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    $\begingroup$ @IMil, this is true, they were just highlighting that this answer could be more rigorous, which is simply true. the person who answered after me did things much much better in my opinion. $\endgroup$ Mar 6, 2019 at 1:08
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    $\begingroup$ @ZacharyHunter sure. I also missed the next obvious step that magnitude has to be either 1 or 0 because otherwise the product will be either more or less than any of the numbers. $\endgroup$
    – IMil
    Mar 6, 2019 at 1:13

Just to make the solution more explicit, the product of all six values is the square of any one of them, so they're all $\pm k$ for some $k$, and $k^6=k^2\implies k\in\{0,\,1\}$. We get one $k=0$ solution and, because we require a non-negative product, one $k=1$ solution for each choice of six $\pm 1$s with an even number of $-1$s. Famously, the numbers of even- and odd-sized subsets of a finite non-empty set are equal, and so the total number of solutions is $1+\frac12\cdot2^6$, i.e. B).


Even though the question stated real numbers, we can extend this to complex fairly easily.

Let our vector of numbers be represented by $\underline{x}$ and define a new vector $\underline{z}$ such that

$$ \exp(\underline{z}) = \underline{x} $$

Now from the condition in the question, we require

$$ \exp( \left( E - I) \underline{z} \right ) = \exp(\underline{z}) $$

where $E$ is a matrix of ones and $I$ is the identity matrix. To help illustrate this, the $i$th row of the above equation states

$$ \exp \left (\left[\sum_{j=1}^6 z_j \right] - z_i \right) = \exp(z_i) $$


$$ \frac{\prod_{j=1}^6 x_j}{x_i} = x_i $$

which is exactly the conditions required in the question.

Now from rearranging the above equation,

$$ \exp( \left( E - 2I) \underline{z} \right ) = \exp(2\pi i \underline{k}) $$

for some vector of integers $\underline{k}$. Equating the powers and using $(E - 2I)^{-1} = \frac{1}{8}(E - 4I)$, gives

$$ \underline{z} = \frac{K \pi i}{4} - \pi i \underline{k}$$

where $K = \sum_{i=1}^6 (\underline{k})_i$ and hence

$$ \underline{x} = \exp \left (\frac{K \pi i}{4} \right) \cdot \exp(\pi i \underline{k})$$

The second term is clearly a vector of 1s and -1s. The first term can take the following values:

  1. If the total 1s in the second term are even i.e. $K$ is even

    • $1$
    • $i$
    • $-1$
    • $-i$
  2. If the total 1s in the second term are odd i.e. $K$ is odd

    • $\frac{1}{\sqrt{2}} + \frac{1}{\sqrt{2}}i$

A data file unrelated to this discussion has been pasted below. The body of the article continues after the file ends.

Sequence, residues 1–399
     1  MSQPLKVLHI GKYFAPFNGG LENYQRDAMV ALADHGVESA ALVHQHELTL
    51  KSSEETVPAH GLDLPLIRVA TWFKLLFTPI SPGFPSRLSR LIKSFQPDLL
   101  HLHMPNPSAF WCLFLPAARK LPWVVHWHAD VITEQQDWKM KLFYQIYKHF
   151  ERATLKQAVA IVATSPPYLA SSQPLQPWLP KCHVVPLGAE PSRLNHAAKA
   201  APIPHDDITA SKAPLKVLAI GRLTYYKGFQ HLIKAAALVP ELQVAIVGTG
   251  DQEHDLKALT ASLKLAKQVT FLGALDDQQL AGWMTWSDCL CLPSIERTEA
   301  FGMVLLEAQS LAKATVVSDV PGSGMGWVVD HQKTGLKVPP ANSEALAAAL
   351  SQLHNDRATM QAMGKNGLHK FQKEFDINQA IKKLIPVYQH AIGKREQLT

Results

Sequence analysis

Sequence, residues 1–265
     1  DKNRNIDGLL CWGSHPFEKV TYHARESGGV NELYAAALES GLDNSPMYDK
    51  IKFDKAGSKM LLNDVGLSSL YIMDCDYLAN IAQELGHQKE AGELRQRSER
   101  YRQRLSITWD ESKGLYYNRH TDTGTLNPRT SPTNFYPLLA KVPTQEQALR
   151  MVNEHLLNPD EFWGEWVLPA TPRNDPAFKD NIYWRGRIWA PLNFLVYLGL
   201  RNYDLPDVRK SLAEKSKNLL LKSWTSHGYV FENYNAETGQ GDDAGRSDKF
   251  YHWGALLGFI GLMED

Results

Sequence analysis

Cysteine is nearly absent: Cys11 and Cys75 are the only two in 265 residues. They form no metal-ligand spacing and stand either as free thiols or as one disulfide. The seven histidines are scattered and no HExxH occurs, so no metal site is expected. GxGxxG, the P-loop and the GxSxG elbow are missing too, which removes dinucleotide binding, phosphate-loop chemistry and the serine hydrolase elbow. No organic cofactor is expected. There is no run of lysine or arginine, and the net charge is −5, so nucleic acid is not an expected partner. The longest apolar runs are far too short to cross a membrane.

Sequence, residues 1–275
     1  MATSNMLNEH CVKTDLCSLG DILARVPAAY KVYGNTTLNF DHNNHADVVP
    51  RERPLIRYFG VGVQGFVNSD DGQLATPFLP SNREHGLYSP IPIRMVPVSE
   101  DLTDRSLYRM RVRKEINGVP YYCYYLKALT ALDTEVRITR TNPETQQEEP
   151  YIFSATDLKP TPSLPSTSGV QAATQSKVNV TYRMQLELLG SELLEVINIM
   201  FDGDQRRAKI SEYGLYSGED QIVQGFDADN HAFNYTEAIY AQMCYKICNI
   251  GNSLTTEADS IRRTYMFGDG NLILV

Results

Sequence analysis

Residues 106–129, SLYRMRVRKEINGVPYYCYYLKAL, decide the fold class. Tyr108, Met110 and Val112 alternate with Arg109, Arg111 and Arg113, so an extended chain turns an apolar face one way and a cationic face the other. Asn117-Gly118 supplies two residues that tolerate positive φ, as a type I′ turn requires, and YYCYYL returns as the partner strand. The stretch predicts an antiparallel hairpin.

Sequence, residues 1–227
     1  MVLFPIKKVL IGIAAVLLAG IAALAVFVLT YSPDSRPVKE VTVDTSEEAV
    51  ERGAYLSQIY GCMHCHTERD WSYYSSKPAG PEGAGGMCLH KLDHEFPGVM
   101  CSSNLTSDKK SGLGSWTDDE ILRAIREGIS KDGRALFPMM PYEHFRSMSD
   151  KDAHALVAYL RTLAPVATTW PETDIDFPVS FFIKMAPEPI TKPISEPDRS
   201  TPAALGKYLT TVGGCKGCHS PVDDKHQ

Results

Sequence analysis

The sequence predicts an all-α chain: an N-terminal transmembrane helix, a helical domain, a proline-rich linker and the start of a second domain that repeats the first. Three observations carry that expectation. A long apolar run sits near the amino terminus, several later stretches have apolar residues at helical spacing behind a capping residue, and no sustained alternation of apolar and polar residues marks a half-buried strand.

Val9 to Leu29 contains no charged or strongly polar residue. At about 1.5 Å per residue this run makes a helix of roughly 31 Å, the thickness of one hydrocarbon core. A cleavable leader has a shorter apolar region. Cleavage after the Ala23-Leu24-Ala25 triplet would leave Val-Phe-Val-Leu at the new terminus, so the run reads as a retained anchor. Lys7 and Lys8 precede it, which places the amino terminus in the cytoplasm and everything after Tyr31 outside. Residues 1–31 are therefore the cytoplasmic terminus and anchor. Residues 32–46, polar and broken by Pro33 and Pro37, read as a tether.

• $-\frac{1}{\sqrt{2}} + \frac{1}{\sqrt{2}}i$
    • $-(-\frac{1}{\sqrt{2}} + \frac{1}{\sqrt{2}}i)$
    • $-(\frac{1}{\sqrt{2}} + \frac{1}{\sqrt{2}}i)$

Finally, consider the subsets of $A = \{-1, 1\}^6$, $A_E \subset A$ containing an even number of 1s and $A_O \subset A$ containing an odd number of 1s.

Clearly $A_E = -A_E$ (multiplying each element in the set by -1) and $A_O = - A_O$, hence the unique combinations of complex numbers is the union of disjoint sets

$$C = A_E \cup iA_E \cup (\frac{1}{\sqrt{2}} + \frac{1}{\sqrt{2}}i) A_O \cup (-\frac{1}{\sqrt{2}} + \frac{1}{\sqrt{2}}i) A_O$$

As $|A_E| = |A_O| = 32$, and the above is a union of disjoint subsets, $|C| = 128$ and including the case where all values are $0$, we have the total complex combinations as $129$.


To answer the question, we know that the only subset containing real values is $A_E$ so the total combinations in the real case is $33$.



It is obvious that you need to have the numbers absolute value equal to $1$ (besides one special case but we get to that later). The question is how to set the signs of these $1$s. The product will be negative if you have an odd number of negative signs in it and positive whenever you have an even number of negative signs. Since you are to determine signs for an even number of $1$s if you decide to give an even number of them a negative sign you have one of the following two situations

  • the $1$ that is NOT in the product has negative sign. In this case there are a $\text{even}-1=\text{odd}$ number of negative signs distributed along the other five $1$s which result in $-1$ so the condition is fullfilled

  • the $1$ that in NOT in the product has positive sign. In this case there are a $\text{even}-0=\text{even}$ number of negative signs distributed along the five other $1$s which result in $+1$ so the condition is once again fullfilled.

So your question translates to in how many ways can you distribute an even number of negative signs among the six $1$s. This is solved in the easiest way by considering the number of ways to distribute $0,2,4$ and $6$ negative signs.

Finally the one solution not having to deal with $1$s is the one dealing with all zeros.

Hope this helped